Sunday, June 7, 2015

If the prairie won't come to the photographer

For the past several Springs, I have unsuccessfully searched for American Pasqueflowers (Anemone patens) in bloom. They are listed as being native, not rare in Washington county to the south, and Anoka county to the west, and across the St. Croix River in several counties to the east. Today, in an effort to get some photographs next Spring, we planted some in our Chisago county sand plain back yard, along with Prairie Smoke, which shows a distribution similar to Pasqueflowers, and Gray-headed Coneflower, which has a very unusual distribution in Minnesota.

monarch butterflies on Northern Plains Blazing Star
monarch butterflies on Northern Plains Blazing Star
Photo by J. Harrington

We also added four swamp milkweed plants as another of our contributions to bringing the monarch and bee populations back to some semblance of health. It's still unclear whether the Northern Plains Blazing Star we planted last year made it through the winter. I'm slowly starting to feel a very little bit like The Man Who Planted Trees, except I'm planting prairie and swamp flowers.

roadside common milkweed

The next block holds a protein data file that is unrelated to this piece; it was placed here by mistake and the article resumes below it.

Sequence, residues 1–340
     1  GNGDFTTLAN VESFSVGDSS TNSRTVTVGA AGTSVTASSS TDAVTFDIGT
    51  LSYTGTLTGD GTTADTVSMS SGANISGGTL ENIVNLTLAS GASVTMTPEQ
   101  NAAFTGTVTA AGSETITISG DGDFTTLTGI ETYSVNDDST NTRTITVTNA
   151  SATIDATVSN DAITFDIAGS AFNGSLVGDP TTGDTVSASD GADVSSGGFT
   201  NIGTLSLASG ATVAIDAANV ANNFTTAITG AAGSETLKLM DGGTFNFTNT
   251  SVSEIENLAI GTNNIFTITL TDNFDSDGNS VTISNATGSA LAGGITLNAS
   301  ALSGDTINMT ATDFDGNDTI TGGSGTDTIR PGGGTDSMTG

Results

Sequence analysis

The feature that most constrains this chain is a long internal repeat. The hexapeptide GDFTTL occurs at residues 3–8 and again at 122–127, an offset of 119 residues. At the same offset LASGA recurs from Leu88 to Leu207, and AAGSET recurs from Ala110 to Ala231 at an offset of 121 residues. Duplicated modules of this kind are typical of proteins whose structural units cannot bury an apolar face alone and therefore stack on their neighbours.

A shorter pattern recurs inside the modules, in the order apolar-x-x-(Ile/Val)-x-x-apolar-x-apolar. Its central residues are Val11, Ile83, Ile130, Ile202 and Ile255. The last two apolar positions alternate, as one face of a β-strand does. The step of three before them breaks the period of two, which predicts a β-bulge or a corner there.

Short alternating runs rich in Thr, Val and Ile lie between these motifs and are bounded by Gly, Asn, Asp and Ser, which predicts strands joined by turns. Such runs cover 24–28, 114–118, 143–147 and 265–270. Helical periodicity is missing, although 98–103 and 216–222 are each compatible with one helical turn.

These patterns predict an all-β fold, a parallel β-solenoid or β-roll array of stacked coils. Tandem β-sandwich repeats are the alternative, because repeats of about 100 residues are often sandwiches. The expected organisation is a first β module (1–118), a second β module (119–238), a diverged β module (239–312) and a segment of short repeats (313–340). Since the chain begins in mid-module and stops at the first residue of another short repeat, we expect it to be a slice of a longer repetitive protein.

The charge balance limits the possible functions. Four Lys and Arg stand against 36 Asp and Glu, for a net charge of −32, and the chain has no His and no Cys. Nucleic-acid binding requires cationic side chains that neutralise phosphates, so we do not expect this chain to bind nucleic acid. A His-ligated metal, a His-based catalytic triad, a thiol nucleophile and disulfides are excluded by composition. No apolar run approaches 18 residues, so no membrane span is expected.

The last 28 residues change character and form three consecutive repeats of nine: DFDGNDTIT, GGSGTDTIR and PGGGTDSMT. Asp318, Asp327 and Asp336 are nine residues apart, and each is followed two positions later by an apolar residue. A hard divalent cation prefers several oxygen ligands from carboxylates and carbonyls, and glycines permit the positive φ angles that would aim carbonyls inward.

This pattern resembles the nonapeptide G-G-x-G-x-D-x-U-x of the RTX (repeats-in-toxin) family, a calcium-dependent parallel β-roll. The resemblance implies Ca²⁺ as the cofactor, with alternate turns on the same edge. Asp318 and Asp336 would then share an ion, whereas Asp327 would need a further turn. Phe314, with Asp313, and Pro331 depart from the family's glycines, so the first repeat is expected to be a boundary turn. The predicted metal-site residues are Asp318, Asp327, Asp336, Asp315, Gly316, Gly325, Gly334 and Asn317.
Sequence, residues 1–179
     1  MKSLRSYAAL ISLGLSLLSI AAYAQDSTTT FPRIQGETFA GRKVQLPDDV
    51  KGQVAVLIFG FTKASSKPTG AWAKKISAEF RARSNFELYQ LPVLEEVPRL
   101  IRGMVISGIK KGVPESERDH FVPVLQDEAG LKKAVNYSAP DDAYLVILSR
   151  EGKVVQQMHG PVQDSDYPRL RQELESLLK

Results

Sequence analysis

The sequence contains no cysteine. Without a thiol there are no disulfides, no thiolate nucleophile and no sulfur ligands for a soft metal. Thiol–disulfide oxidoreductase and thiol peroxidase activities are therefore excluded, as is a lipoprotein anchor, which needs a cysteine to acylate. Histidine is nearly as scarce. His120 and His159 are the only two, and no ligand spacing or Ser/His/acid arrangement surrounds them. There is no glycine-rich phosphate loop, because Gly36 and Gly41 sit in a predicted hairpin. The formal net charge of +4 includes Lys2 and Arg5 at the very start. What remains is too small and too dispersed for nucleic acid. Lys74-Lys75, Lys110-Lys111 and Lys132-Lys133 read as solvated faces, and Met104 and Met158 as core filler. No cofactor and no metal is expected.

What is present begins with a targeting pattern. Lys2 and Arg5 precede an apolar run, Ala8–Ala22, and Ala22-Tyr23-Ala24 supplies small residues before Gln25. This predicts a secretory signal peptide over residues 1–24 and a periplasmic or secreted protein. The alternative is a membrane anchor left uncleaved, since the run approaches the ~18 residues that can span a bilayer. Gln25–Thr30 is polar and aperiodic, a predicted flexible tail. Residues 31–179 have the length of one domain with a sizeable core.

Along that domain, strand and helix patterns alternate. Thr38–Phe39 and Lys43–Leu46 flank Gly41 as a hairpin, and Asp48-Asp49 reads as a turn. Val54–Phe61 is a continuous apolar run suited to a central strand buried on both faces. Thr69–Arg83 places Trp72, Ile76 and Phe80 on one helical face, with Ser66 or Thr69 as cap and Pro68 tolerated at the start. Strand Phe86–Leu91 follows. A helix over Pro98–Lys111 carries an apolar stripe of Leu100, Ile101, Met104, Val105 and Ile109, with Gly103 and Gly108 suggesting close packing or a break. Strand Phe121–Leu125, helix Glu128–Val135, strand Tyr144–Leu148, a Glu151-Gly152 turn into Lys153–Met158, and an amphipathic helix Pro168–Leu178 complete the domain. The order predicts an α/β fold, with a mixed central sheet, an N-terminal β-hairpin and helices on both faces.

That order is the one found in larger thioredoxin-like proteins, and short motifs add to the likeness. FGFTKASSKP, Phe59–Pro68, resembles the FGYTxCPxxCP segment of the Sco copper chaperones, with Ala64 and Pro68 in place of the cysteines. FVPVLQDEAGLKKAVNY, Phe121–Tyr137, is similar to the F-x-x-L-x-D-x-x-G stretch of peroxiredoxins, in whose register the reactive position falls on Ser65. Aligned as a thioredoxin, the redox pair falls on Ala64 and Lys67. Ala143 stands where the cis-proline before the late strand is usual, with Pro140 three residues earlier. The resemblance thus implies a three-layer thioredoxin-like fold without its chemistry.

roadside common milkweed
Photo by J. Harrington

While driving around Washington and Chisago counties, many of the roadsides were brightened by patches of Dame's Rocket and what I think are Ox-eye Daisies, another plant identified as invasive. I'm beginning to think that there is an interesting similarity between Minneapolis' spitting and lurking ordinances and Minnesota counties' noxious weed approach. I might not be too bothered by that except for the selective enforcement issues it raises, that, and the fact that some "invasive" plants seem to serve beneficial uses. Dame's Rocket attracts moths, butterflies(?) and bees and provides both pollen and nectar. I haven't yet found any listing of what native plants it displaces. If I had my choices, I'd declare Kentucky blue grass a noxious weed. Probably time to read some more of Walt and repeat the serenity prayer again or to study:

Hesitation Theory

By Reginald Shepherd 

I drift into the sound of wind,
how small my life must be
to fit into his palm like that, holly
leaf, bluejay feather, milkweed fluff,
pin straw or sycamore pod, resembling
scraps of light. The world
slips through these fingers
so easily, there’s so much
to miss: the sociable bones
linked up in supple rows, mineral
seams just under the skin. I hold
my palm against the sun and don’t see
palm or sun, don’t hold anything
in either hand. I look up, look
away (what’s that?), I trip
and stumble (fall
again), find myself face down
in duff, a foam of fallen live oak
leaves, with only
this life, mine at times.


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